The U.S. Army plans to demonstrate its newest extended-range artillery systems in 2018, officials said, as the service attempts to fill a gap in its long-range precision weapons platforms. Known as ERCA, the system involves new modifications to the M777A2 howitzer that have the potential to double the system’s current range, according to Col. Rich Hornstein, the military deputy at the Army’s Aviation and Missile Research, Development and Engineering Center (AMRDEC). The new system is “not just a gun; it’s projectile, it’s cannon, it’s fire control,” he told attendees at the Association for the United States Army’s annual conference in Washington, D.C. He added the cannon can be fired from a mobile platform as well as a towed platform, he added. In addition, the center is developing new longer-range accurate projectiles that the Army plans to demonstrate at the same time as it is showing off the new cannon artillery next year, Hornstein added. The Army has sped up development of newer, long-range artillery systems after identifying a gap in long-range precision fire capabilities. The towed M777, which made its debut in Afghanistan, replaced the Army’s M198 howitzer. Currently, the 155-mm M777 system has a range of about 18 miles and a rate of fire of five rounds per minute. Excaliber rounds can travel 25 miles. Each piece is crewed by eight troops.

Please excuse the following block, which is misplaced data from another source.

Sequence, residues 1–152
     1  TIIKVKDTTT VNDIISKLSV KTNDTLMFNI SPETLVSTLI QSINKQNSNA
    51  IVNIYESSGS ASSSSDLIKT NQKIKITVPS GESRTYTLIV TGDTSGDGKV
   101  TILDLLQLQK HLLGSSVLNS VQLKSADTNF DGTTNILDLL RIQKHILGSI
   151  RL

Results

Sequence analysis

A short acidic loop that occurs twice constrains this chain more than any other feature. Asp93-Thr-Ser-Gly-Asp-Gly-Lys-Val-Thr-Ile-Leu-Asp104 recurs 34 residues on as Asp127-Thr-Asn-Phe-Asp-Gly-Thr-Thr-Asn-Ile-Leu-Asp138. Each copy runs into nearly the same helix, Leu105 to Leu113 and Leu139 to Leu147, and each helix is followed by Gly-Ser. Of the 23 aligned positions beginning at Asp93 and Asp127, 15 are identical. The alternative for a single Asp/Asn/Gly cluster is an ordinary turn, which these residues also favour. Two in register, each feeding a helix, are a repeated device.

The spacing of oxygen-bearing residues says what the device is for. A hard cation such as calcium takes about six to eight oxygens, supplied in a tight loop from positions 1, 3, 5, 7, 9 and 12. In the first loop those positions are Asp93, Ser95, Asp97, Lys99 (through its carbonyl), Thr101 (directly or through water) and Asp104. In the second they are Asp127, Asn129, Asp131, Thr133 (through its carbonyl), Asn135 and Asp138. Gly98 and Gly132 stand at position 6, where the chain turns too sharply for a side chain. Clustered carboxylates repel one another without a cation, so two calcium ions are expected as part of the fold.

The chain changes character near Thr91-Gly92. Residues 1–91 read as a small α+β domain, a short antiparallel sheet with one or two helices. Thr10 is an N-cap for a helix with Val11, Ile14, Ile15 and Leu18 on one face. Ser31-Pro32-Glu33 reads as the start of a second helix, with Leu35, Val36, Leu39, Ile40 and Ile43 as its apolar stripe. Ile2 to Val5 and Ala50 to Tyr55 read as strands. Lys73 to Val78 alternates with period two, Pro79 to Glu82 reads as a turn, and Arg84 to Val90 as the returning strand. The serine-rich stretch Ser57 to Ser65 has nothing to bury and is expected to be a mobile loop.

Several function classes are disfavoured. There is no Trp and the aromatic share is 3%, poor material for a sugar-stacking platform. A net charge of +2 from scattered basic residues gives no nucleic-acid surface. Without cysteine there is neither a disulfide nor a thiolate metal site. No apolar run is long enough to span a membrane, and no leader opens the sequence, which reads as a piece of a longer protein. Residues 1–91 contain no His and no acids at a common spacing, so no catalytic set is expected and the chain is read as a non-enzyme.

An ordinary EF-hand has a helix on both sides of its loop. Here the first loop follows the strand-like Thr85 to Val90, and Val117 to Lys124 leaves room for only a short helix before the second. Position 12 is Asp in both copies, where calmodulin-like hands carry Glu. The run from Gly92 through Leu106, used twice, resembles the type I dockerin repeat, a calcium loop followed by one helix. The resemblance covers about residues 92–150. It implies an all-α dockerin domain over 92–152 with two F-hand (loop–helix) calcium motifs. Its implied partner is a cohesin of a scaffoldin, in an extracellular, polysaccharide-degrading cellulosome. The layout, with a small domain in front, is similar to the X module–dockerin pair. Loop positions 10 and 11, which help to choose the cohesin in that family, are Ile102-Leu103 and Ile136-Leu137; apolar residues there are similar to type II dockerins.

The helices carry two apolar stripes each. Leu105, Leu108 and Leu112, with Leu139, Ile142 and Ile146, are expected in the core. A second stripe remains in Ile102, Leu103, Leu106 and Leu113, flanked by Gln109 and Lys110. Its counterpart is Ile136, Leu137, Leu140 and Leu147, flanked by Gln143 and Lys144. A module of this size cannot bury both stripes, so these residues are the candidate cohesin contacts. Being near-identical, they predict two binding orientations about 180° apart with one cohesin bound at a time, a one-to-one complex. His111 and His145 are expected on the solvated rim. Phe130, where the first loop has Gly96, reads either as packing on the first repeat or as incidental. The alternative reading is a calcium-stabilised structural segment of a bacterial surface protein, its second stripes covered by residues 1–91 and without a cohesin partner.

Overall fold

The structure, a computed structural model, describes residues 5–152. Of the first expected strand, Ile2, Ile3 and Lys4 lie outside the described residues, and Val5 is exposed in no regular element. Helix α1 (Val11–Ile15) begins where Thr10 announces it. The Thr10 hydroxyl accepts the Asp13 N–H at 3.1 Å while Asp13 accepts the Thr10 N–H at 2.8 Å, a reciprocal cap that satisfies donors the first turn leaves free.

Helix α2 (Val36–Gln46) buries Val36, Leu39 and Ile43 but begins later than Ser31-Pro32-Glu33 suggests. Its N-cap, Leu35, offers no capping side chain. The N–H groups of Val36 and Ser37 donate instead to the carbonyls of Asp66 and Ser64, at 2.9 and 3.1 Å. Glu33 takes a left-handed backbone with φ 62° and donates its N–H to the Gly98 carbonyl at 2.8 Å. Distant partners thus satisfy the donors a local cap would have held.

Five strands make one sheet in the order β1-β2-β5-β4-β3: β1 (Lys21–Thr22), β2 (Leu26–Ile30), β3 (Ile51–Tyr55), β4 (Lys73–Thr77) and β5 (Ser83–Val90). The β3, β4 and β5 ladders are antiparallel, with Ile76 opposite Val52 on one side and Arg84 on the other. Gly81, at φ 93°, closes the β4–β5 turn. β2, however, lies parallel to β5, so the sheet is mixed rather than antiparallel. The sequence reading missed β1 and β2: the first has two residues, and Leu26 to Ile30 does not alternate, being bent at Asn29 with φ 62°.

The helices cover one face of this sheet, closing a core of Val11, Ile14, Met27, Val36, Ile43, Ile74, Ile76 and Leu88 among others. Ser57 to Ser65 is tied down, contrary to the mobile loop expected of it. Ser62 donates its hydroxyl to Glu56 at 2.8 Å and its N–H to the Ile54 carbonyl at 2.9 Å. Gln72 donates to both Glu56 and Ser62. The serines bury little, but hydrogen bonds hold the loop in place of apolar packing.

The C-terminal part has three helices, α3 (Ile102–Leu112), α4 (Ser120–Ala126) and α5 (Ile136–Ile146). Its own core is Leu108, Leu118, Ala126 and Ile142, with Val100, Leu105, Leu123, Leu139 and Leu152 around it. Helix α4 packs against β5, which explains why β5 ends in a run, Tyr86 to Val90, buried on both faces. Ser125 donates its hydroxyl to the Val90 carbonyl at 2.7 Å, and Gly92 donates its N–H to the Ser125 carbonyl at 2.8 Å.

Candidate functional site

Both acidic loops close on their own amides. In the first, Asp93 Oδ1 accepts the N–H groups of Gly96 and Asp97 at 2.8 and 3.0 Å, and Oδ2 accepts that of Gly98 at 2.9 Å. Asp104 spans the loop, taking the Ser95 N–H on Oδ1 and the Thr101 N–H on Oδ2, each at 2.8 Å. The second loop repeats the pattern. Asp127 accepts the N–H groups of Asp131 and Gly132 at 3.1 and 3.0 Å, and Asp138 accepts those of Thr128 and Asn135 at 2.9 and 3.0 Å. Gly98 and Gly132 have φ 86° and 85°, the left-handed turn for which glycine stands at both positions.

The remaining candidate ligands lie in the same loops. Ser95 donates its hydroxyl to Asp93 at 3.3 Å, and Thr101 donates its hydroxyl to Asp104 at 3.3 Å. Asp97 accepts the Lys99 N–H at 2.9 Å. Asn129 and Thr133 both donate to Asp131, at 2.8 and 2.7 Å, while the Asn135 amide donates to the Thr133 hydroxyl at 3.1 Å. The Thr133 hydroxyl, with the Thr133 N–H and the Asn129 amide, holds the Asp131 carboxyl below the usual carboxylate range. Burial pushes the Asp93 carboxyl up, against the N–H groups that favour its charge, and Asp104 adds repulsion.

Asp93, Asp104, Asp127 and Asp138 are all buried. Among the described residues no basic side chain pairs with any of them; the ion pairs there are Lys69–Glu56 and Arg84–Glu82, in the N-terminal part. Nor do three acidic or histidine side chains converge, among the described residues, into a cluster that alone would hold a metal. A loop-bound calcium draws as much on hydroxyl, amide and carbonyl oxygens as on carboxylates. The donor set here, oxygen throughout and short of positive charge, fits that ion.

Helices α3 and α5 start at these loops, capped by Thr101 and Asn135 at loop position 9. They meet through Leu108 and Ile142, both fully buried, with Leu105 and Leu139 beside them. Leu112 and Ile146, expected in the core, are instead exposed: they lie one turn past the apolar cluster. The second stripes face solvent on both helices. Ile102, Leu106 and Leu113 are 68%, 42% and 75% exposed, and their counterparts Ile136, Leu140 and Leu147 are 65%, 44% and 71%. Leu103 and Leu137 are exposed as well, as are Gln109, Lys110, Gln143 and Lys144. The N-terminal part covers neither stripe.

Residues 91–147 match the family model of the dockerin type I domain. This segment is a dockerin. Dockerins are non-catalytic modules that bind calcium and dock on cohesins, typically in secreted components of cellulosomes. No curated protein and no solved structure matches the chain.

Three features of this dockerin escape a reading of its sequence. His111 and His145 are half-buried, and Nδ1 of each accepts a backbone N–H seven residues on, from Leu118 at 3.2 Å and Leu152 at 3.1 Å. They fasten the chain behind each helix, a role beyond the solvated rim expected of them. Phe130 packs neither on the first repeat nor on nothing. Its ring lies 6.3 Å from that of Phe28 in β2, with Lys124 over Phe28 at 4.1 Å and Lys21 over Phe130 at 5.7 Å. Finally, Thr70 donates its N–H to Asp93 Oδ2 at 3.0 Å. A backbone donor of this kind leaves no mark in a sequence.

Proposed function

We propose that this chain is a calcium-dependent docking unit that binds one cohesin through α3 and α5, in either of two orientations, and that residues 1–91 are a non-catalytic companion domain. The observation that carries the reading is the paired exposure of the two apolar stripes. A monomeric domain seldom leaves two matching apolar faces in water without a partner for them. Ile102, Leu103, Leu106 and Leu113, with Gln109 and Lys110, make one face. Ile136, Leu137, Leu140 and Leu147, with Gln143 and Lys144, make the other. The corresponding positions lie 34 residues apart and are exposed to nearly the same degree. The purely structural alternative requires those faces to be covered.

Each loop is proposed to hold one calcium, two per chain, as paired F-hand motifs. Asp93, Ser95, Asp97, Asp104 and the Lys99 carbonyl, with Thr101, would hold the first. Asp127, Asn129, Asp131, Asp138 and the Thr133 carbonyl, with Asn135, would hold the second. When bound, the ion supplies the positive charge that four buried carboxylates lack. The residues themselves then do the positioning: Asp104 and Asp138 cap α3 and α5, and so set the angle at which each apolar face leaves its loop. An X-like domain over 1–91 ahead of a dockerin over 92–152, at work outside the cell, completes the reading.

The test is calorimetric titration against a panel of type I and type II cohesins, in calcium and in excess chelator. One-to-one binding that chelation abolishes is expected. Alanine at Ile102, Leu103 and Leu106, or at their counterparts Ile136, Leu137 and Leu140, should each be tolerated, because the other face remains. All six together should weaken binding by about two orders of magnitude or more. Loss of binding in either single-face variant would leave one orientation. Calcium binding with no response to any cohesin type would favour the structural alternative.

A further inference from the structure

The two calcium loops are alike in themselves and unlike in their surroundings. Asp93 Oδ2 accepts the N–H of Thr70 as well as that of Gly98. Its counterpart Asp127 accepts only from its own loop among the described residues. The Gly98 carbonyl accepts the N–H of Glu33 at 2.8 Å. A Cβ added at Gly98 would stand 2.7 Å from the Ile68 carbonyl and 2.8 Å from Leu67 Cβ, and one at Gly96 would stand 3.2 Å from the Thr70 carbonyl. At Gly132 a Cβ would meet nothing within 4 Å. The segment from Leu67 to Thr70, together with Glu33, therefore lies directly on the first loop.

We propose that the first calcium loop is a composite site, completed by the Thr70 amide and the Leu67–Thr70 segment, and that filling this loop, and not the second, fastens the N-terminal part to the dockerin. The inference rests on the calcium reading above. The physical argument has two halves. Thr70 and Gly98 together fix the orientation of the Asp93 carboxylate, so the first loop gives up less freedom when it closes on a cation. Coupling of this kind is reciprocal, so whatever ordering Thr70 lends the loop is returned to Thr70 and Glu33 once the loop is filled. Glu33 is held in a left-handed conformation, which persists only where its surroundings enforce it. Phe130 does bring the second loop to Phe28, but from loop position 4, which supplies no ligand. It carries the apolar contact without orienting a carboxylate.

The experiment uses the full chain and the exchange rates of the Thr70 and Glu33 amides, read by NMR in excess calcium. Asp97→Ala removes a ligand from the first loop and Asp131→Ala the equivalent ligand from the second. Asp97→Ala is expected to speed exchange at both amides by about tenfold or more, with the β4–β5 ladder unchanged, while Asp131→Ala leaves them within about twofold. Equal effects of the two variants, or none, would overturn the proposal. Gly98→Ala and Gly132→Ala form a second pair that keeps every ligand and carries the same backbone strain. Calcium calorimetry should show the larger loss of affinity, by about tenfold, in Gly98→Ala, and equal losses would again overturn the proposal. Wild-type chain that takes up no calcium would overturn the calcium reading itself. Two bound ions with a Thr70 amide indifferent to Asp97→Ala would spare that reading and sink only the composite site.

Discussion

Jon E. Dougherty is a political, foreign policy and national security analyst and reporter with nearly 30 years of experience in both fields. A U.S. Army veteran of Operation Enduring Freedom, he holds BA in Political Science from Ashford University and an MA in National Security Studies/Intelligence Analysis from American Military University.